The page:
Jack of Diamonds – Special display of Russian avant-garde art at The Courtauld Gallery

Natalia Goncharova, The Little Station c.1912. oil on canvas, Private Collection

18 September 2014 to 18 January 2015

This September a special display of early twentieth-century Russian avant-garde paintings will be shown at The Courtauld Gallery, generously loaned from a private collection. This project is led by the Cambridge Courtauld Russian Art Centre (CCRAC) and marks the importance of the Jack of Diamonds group, founded in Moscow in 1910. In Russia it became one of the most celebrated exhibition societies across the whole Russian avant-garde before 1914, but it remains less well known in the West. The display includes works by Mikhail Larionov, Natalia Goncharova, Aristarkh Lentulov, Vladimir Burliuk, Olga Rozanova, and Alexandra Exter, all of whom, both men and women, were equally active contributors to the Jack of Diamonds.

In December 1910, at the first Jack of Diamonds exhibition, works by the French Cubists Albert Gleizes and Henri Le Fauconnier as well as paintings by Wassily Kandinsky, Marianne Werefkine and Alexei von Jawlensky were exhibited, alongside portraits and still lives by the younger members of the group, who were strongly influenced by the French and German artists.

The combination of European innovation and Russian national traditions was a distinctive feature of the Jack of Diamonds group. These artists were united by their interest in folk art and shop signs. Even in the title of their first exhibition (and subsequently of the group), reflected their interest in the Russian popular prints, known as lubki. Playing cards and lubki were always similar. Larionov spoke of playing cards as a type of ‘people’s pictures’. The artist Kuprin remembered: “Once I was at Larionov and Goncharova’s house. We were sitting around the table, looking at the reproductions of French paintings. Larionov took a Jack of Diamonds playing card and said: ‘Why not call our exhibition and movement ‘Jack of Diamonds’?’” Whether this story is true or not, the combination of Russian art and Western-European influences made this group unique.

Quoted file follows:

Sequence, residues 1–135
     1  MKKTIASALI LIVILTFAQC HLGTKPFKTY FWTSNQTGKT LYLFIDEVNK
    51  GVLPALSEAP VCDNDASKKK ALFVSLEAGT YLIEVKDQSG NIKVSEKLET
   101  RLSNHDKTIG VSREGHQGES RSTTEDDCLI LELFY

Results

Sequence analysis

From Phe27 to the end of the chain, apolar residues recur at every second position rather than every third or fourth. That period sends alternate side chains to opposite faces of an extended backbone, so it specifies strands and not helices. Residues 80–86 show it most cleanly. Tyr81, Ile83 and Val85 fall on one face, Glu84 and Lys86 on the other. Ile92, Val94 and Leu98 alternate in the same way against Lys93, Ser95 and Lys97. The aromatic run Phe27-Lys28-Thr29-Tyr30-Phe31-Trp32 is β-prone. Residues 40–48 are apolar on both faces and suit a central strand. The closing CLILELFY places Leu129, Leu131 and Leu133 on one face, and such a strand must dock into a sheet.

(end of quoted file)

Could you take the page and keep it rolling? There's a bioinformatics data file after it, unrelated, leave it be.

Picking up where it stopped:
Visitors to the Jack of Diamonds display will be able to see the works in the context of The Courtauld Gallery’s permanent displays of French paintings by Matisse and the Fauves, German Expressionist artists from Die Brücke, and Russian painters based in Munich, including Kandinsky, Aleksei Jawlensky (Yavlensky) and Werefkin (Verefkina).

In 1913-1914 the Jack of Diamonds held two evening events at the Moscow Polytechnic Institute billed as Disputes. During the course of our exhibition we intend to debate the same subjects afresh to celebrate a centenary of the Jack of Diamonds debates.

Postgraduate students from The Courtauld Institute of Art and the University of Cambridge have worked closely together on this project with curators John Milner and Natalia Murray.

This project also marks the Galleries’ contribution to the UK-Russia Year of cultural exchange and collaboration. It is supported by the British Council and by Elena Sudakova of GRAD, the Gallery of Russian Art and Design, London. For more information, please see: http://www.courtauld.ac.uk/gallery/exhibitions/2014/jack-of-diamonds/index.shtml